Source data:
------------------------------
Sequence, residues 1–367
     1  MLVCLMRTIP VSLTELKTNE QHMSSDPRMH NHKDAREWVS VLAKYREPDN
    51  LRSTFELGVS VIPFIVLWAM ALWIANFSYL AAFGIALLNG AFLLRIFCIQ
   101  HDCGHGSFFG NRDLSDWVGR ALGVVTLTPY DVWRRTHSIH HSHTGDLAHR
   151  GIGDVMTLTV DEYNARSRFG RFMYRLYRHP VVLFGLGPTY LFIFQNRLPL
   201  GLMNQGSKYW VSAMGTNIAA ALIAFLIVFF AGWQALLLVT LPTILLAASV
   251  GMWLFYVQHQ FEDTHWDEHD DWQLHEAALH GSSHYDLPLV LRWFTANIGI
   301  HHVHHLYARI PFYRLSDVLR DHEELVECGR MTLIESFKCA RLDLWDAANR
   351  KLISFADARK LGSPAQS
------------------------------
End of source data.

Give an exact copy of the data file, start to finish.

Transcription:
Sequence, residues 1–367
     1  MLVCLMRTIP VSLTELKTNE QHMSSDPRMH NHKDAREWVS VLAKYREPDN
    51  LRSTFELGVS VIPFIVLWAM ALWIANFSYL AAFGIALLNG AFLLRIFCIQ
   101  HDCGHGSFFG NRDLSDWVGR ALGVVTLTPY DVWRRTHSIH HSHTGDLAHR
   151  GIGDVMTLTV DEYNARSRFG RFMYRLYRHP VVLFGLGPTY LFIFQNRLPL
   201  GLMNQGSKYW VSAMGTNIAA ALIAFLIVFF AGWQALLLVT LPTILLAASV
   251  GMWLFYVQHQ FEDTHWDEHD DWQLHEAALH GSSHYDLPLV LRWFTANIGI
   301  HHVHHLYARI PFYRLSDVLR DHEELVECGR MTLIESFKCA RLDLWDAANR
   351  KLISFADARK LGSPAQS